The dress looks just like something my mom used to have, but only wore on very special occasions. It took “the support bra from hell” to wear it, and that was her main reason for the limited fashion shows. When it comes to breasts, my mother was not lacking (neither am I so I can understand her frustrations) and trying to get into all those stylin clothes back then was next to impossible without the proper under-gear.

She also had a couple of wigs. She originally had some beautiful red hair but insisted on dying it, covering it up, ironing it (yes, with an iron – for clothes…been there, done that, different story), and whatever else she could do with it. Back then, the beauty parlor was a temple. It was a woman’s safe harbor in a world filled with men and their macho-isms.
Go back and take another look at the picture – not the phrase but specifically at that hair. Now check these out:
hair poof 1 the early to mid-1960s hair poof 2
hair poof 3 the 1950s
hair poof 1940s the 1940s
hair poof 19302 the 1930s
I don’t see a frizz or curl out of place in any of these pics?

Mom had beautiful natural curly hair. We got lucky, and she passed it on to all of her daughters. Dad also had curly hair, but a tighter curl. Mom was so frustrated with trying to get a brush through our hair that she would simply cut it off every spring. I was partially grateful because it was so thick and heavy and hot. The other bit of gratitude came whenever we got near low hanging branches when riding, gooseberry bushes when picking, and chasing wild kittens in the hay. The longer and curlier the hair, the more you got all caught up in something. To this day I hate moths! Kids with tight curly hair playing under a yard light at night during summer in Wisconsin will inevitably catch moths in their hair-not by choice.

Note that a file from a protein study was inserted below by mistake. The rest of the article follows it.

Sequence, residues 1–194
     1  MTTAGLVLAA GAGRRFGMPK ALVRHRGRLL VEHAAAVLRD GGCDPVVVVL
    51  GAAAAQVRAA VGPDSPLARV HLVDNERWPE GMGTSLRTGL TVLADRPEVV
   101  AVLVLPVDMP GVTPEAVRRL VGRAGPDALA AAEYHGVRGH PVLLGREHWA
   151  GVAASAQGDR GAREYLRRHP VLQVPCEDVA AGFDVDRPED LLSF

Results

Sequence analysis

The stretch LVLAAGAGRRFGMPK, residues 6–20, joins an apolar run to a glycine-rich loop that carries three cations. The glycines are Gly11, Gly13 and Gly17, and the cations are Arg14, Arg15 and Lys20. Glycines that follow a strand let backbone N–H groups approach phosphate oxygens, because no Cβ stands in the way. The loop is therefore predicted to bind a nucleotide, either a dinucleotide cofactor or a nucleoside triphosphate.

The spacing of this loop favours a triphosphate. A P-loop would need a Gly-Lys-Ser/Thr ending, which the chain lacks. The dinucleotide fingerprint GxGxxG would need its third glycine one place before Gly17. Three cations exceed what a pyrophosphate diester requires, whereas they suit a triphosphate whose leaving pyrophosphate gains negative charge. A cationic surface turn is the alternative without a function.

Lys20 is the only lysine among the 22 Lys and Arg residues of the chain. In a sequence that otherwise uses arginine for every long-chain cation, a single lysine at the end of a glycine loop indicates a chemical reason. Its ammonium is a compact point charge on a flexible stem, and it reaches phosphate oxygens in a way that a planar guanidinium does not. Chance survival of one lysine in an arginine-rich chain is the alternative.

I don’t know if the moths were blinded by the light bouncing off our curls, attracted to the possibility of a great nest, or just plain dumb; but I can’t count the number of times I heard and felt the crunching of trying to get the dang things untangled and out of my hair. Even now I am cringing.

This post is all for my cousin Dawn. Thank you for the outstanding laugh, the fond memories, and getting me out of my funk – love ya cousin!
You can also check me out at: www.lifelessonslived.com for all the fun things I have learned in life.
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I NEED YOUR GARDENING INPUT PLEASE!

I was perusing my Old Farmers Almanac and came across a Gardening Adage:

If you grow it for the fruit or the root, you need full sun.

If you grow it for the leaves, partial shade is all you need.